Ahead of arriving in the United States, Turdakun described the conditions of his detention, brutal interrogations, and forced medical procedures in a series of video interviews recorded by Conor Healy, government director at video surveillance news site IPVM. In December, Healy met Turdakun and his family in Kyrgyzstan where they had been for the past year, to help them obtain their immigration paperwork onwards to the United States, amid fears that the Kyrgyz authorities could deport the family back to China, Healy told TechCrunch.
In one of the video interviews shared with TechCrunch, Healy showed Turdakun a photo of Hikvision’s logo, which the former prisoner immediately recognized, saying that it was the same logo on the cameras in the cells in the detention camp and littered throughout the city.
Speaking with TechCrunch on Tuesday, Turdakun described the cells where he would be held with two dozen other prisoners for months at a time and how the cameras, all branded with Hikvision logos, were “always on and watching,” he said. If the cameras saw anyone speak, a booming voice would tell them not to talk.
He described how the detainees would spend hours in silence, enforced by the cameras, and they would have little other human contact outside of the cells for extended periods; often the door would stay shut for long timespans and food would be pushed through a slot in the door. Even to move just a few feet to use the hole-shaped toilet that he described, you would still need to raise your hand and ask for permission “because of the cameras watching, always,” Turdakun said.
Turdakun was released in November 2018 on terms similar to house arrest, where he would be monitored around the clock from the GPS tracker on his wrist that could only be unlocked with a special key. Although he was allowed to leave his house and travel around his small city, he described constant harassment from the authorities.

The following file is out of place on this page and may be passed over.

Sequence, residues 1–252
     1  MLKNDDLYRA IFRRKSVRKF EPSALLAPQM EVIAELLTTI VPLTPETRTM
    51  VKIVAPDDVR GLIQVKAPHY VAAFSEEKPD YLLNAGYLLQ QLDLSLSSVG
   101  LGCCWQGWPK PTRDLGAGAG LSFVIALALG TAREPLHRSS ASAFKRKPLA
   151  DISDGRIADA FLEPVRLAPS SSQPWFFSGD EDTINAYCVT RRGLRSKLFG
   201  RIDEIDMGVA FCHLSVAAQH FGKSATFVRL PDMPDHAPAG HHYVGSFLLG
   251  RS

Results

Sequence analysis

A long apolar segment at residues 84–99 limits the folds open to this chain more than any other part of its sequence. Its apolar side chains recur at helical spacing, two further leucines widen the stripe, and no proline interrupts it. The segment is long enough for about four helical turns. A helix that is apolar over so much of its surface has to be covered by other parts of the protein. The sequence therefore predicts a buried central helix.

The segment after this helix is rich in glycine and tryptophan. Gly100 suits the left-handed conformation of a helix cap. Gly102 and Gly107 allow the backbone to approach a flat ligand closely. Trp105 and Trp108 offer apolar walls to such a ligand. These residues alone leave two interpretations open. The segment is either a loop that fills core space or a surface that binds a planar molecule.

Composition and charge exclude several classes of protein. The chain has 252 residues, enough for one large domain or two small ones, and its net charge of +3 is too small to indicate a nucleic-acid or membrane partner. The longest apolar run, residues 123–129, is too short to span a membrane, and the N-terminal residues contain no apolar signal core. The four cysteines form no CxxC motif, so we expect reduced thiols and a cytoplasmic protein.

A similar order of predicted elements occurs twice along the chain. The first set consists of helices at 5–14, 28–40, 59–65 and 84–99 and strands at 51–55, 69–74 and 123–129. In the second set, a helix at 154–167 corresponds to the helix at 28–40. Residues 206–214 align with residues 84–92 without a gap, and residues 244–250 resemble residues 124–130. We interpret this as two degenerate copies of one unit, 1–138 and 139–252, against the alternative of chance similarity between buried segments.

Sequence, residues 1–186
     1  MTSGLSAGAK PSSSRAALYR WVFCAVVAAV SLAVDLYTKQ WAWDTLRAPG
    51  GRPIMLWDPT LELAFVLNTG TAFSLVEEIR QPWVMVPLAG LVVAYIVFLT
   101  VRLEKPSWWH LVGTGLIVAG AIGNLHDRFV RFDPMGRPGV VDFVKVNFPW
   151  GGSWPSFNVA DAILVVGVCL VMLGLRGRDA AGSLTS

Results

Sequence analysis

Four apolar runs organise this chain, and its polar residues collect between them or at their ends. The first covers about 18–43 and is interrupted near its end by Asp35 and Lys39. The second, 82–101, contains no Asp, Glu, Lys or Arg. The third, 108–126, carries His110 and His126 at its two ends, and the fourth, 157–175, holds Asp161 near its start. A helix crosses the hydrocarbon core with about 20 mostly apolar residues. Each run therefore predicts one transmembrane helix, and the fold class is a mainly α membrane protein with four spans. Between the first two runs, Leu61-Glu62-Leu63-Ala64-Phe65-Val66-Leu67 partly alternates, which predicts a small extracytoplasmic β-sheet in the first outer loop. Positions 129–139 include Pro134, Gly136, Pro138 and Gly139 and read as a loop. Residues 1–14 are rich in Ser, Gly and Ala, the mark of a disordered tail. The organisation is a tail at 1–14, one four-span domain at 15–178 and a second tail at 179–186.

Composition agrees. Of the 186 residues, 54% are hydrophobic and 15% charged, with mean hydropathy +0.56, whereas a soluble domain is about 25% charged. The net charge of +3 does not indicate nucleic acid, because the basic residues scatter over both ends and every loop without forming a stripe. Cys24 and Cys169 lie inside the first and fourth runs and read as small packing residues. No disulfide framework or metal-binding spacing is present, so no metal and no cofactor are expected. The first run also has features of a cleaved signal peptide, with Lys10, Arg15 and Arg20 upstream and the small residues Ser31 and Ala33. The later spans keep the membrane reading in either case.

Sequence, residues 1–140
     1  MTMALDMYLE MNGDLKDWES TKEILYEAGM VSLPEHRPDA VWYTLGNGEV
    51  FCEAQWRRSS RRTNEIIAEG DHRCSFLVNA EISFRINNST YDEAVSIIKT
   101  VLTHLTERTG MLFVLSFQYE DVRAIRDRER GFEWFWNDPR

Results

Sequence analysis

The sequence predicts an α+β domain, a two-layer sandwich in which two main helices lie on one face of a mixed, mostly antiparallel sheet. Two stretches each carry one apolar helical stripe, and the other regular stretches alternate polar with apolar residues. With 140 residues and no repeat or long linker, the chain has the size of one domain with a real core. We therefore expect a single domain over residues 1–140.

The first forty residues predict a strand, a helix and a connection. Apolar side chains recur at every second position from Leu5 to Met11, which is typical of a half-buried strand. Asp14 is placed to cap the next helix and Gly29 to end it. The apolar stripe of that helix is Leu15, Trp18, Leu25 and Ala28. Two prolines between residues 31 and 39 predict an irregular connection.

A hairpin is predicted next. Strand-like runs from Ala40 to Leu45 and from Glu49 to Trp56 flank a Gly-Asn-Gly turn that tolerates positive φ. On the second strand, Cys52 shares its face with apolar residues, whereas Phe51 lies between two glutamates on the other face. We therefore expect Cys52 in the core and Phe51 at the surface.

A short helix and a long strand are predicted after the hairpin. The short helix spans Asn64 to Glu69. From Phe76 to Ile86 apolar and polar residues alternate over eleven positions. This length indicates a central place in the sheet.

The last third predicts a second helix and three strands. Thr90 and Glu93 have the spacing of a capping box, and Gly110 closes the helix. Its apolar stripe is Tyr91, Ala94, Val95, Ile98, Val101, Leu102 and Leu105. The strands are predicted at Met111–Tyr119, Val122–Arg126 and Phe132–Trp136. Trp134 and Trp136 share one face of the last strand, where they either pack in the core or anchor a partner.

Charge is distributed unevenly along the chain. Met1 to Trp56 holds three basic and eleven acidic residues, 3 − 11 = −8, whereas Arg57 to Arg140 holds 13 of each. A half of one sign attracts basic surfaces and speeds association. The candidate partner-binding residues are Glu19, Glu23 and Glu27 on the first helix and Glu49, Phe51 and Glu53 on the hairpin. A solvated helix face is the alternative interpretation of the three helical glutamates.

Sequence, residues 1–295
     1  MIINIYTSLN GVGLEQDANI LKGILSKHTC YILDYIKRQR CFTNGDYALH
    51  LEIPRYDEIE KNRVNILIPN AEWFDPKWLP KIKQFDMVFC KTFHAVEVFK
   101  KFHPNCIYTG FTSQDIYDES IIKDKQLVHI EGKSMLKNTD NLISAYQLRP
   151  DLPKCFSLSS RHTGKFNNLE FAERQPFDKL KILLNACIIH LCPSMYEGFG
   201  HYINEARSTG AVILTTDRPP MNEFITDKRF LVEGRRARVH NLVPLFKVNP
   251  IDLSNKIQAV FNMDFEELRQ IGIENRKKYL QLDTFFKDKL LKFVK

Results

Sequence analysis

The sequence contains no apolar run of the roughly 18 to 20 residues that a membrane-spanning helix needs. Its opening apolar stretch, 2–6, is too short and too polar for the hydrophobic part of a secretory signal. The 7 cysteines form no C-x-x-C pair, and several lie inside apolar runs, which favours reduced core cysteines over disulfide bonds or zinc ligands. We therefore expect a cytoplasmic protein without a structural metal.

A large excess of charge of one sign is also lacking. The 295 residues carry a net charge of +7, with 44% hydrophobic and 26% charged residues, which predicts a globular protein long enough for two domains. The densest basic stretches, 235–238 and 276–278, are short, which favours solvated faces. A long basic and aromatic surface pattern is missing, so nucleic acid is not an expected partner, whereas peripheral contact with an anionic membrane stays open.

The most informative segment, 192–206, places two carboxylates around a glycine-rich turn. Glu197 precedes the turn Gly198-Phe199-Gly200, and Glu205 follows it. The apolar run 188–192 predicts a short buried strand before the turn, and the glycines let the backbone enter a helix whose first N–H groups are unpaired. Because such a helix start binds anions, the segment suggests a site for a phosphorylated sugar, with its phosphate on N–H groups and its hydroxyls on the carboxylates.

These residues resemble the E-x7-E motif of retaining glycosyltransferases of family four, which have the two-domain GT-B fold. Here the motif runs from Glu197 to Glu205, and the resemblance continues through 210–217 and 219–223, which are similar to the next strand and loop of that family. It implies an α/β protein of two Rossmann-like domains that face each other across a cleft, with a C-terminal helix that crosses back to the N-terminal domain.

“Every time,” he stressed when asked again.
“The cameras would see me and send off alarms,” he said, describing the use of facial recognition across his neighborhood. “The cameras are about [6 feet] in height — also Hikvision — and they’re on every sidewalk,” he said. “There are so many of them, they don’t need to change the directions of the cameras. It doesn’t matter how long the road is, even the shortest road will have cameras. The whole entire city has cameras watching.”
TechCrunch could not independently verify Turdakun’s account, which is consistent with other, albeit rare accounts from survivors of Xinjiang detention camps. During the interview, Turdakun showed a sketch that he drew mapping the layout of the detention camp, which corresponds with satellite imagery of the camp where he was held.
In an emailed statement sent via a public relations firm specializing in crisis management, Hikvision said it “takes all reports regarding human rights very seriously,” but declined to provide a company spokesperson’s name.
Liu Pengyu, a spokesperson for the Chinese Embassy in Washington, D.C., denied the allegations in an emailed statement.
Human rights lawyers say the former prisoner’s testimony will provide important evidence for the case filed with the International Criminal Court in The Hague. U.K. attorney Rodney Dixon, who is leading the team of lawyers compiling evidence of human rights abuses by China, said in a letter supporting Turdakun’s advance parole that it was “vital” for him to testify in future proceedings.
Turdakun told TechCrunch that he wants more people to know about the conditions in Xinjiang.
“Coming to America and being at peace and safe has been a goal for our family for a long time,” he said.